Now I am firmly in a stage where I identify with my body. All those powers of observation and discernment that were once focused on mental functions and interaction patterns are now directed at physiology. I now study and internalize information about neurotransmitters, hormones, nutrients, and physical processes just like I once mulled over socionics. Well, maybe not quite as much.

When I let on to people the degree to which I've studied my own physical functioning, I find that some are turned off and think there's something unnatural or counterproductive about thinking so much about these things. This reminds me of people's reactions to socionics. People imagine themselves doing what I'm doing and thinking what I'm thinking and sense that it would throw things off balance in their lives. But I'm different from them and it's perfectly okay for me. Self-study for me is like watching a good movie for someone else. I derive great satisfaction and insight from my deep study and self-tracking practice and increasingly have that feeling of possessing a kind of secret esoteric weapon that I had during the period I was most focused on socionics.

I love knowing that I possess accurate, objective knowledge about the different components of my life and how I feel. I love being able to know that this month is objectively better than the previous one and in what ways, and that I have not felt this good this long for well over two years. And I know which areas contribute most to this feeling and which areas are deficient and can be corrected to further improve my life.

For now at least, I am definitely a body. I look forward to continuing to develop its potential and optimize for health and happiness.

Aug 9, 2013

Living Well — Catalog of Sources

I've realized recently that my study of psychology (including socionics), physiology, nutrition, etc. is all based on an interest in living well. By "living well" I am talking not about standard of living or material success, but achieving as high a degree of happiness and contentment as is possible.

Different facets of good living have interested me at different times. Perhaps due to upbringing, my interest in mental and interpersonal aspects initially far outstripped my awareness of influences from the body and nutrition. Now these last two have become very important, and I am slowly becoming something of an expert on them and have had a fair bit of success implementing my knowledge of them in my day-to-day life.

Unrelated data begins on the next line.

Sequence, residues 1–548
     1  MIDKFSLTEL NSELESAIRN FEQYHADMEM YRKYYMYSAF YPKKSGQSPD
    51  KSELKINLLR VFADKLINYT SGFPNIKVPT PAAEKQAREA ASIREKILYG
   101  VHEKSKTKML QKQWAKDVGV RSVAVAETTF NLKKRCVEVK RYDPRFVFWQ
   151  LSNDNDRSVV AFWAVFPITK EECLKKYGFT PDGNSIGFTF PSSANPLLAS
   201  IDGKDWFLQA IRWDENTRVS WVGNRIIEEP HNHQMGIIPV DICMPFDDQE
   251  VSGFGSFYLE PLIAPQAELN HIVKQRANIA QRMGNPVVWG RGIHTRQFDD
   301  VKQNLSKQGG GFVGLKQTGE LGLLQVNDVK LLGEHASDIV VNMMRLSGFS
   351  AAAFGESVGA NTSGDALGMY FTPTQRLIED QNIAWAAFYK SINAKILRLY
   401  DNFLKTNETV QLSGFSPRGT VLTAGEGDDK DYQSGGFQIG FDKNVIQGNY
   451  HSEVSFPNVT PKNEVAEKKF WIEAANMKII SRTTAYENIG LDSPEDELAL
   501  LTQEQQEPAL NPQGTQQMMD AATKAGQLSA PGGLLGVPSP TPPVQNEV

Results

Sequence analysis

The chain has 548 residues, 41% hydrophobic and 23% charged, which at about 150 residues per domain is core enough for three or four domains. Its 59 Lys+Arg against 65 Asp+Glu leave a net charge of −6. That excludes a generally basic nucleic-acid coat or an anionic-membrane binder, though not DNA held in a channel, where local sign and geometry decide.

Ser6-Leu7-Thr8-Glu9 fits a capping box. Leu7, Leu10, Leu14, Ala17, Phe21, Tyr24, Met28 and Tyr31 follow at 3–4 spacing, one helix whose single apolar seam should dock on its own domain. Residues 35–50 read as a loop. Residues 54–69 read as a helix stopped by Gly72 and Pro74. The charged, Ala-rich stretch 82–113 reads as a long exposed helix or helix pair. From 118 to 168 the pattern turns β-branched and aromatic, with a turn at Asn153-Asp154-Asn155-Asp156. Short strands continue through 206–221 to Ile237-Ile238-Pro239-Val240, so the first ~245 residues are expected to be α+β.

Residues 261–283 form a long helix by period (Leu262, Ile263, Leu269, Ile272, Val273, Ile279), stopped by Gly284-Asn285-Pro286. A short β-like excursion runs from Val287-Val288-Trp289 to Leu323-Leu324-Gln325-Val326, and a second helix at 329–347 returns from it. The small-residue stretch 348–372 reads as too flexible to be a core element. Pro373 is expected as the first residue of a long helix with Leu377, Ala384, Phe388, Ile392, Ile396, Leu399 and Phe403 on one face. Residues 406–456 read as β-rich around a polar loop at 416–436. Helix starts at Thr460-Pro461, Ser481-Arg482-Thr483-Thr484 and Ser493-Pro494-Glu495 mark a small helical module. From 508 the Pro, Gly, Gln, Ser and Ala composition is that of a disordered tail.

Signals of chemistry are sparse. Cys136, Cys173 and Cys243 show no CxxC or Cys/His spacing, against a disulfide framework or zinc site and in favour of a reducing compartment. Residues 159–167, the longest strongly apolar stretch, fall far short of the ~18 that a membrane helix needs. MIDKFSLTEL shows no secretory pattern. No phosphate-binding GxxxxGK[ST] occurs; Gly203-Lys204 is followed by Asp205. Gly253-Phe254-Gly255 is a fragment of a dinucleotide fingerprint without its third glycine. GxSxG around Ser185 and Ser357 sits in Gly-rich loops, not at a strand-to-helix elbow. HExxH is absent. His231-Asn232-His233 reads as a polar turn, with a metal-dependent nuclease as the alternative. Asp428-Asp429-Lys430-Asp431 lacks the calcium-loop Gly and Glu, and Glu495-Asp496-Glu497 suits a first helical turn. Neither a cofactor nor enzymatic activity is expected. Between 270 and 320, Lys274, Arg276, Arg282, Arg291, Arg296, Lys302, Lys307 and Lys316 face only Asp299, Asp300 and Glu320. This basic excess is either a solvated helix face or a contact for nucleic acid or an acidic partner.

Here is a kind of catalog of good and very good books I have read recently that may be of interest to readers. Following each book I assign it a category in parenthesis and give a very short summary. I heartily recommend all these books.

Rick's "Living Well" Catalog

(last update Aug. 9, 2013)

The Happiness Hypothesis: Finding Modern Truth in Ancient Wisdom (psychology, lifestyle) — proven contributors to happiness according to scientific research, plus some philosophy

The Archaeology of Mind: Neuroevolutionary Origins of Human Emotions (general psychology) — the seven basic emotional systems, their origins and operations

The Power of Full Engagement: Managing Energy, Not Time, Is the Key to High Performance and Personal Renewal (lifestyle) — what to do to get your physical, mental, emotional, and spiritual engines running properly

The Willpower Instinct: How Self-Control Works, Why It Matters, and What You Can Do To Get More of It (general psychology) — facts and studies that illuminate how our minds work and how we are able to concentrate and focus our will

The Highly Sensitive Person (psychology) — people who are prone to overarousal, the challenges they face, and the individualistic lifestyles they lead

The First 20 Hours: How to Learn Anything . . . Fast! (skill acquisition) — the principles and practice of skill acquisition with a number of practical examples

The 4-Hour Body: An Uncommon Guide to Rapid Fat-Loss, Incredible Sex, and Becoming Superhuman (physiology) — developing our bodies' potential through wise nutrition, training, and technique, supported by abundant research and self-experimentation

Nutrition and Physical Degeneration (nutrition) — study of traditional societies, their overall health, and what they ate